Skip to Main Content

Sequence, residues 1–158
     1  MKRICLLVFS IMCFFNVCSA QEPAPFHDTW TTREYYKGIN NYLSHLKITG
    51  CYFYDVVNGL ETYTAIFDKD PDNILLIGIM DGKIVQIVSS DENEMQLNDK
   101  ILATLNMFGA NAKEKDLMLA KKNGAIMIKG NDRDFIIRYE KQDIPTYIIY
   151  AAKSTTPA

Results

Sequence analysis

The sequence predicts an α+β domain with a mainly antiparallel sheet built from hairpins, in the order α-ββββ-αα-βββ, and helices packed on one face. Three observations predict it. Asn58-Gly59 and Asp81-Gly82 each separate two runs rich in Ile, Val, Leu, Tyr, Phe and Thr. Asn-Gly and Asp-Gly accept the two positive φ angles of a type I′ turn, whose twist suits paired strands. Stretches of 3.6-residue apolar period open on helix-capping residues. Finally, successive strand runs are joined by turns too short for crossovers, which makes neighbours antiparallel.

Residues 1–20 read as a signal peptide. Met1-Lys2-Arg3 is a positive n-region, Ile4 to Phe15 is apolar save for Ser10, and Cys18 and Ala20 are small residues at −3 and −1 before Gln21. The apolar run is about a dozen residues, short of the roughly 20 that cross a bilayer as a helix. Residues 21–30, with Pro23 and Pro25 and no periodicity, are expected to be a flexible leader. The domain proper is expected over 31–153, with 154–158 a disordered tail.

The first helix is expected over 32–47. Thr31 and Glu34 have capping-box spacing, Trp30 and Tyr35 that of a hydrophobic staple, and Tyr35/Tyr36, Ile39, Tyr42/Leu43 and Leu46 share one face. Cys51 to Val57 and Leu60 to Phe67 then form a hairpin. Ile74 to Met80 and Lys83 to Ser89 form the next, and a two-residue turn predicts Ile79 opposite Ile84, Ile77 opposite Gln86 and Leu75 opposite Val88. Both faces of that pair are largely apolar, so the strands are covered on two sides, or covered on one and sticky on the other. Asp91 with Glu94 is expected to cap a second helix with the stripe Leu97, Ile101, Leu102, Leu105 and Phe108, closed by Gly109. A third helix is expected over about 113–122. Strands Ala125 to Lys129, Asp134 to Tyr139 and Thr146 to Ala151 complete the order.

Several multihop applications developed for vehicular ad hoc networks use broadcast as a means to either discover nearby neighbors or propagate useful traffic information to other vehicles located within a certain geographical area. However, the conventional broadcast mechanism may lead to the so-called broadcast storm problem, a scenario in which there is a high level of contention and collisions at the link layer due to an excessive number of broadcast packets. While this is a well-known problem in mobile ad hoc wireless networks, only a few studies have addressed this issue in the VANET context, where mobile hosts move along the roads in a certain limited set of directions as opposed to randomly moving in arbitrary directions within a bounded area. Unlike other existing works, we quantify the impact of broadcast storms in VANETs in terms of message delay and packet loss rate in addition to conventional metrics such as message reachability and overhead. Given that VANET applications are currently confined to using the DSRC protocol at the data link layer, we propose three probabilistic and timer-based broadcast suppression techniques: weighted p-persistence, slotted 1-persistence, and slotted p-persistence schemes, to be used at the network layer. Our simulation results show that the proposed schemes can significantly reduce contention at the MAC layer by achieving up to 70 percent reduction in packet loss rate while keeping end-to-end delay at acceptable levels for most VANET applications.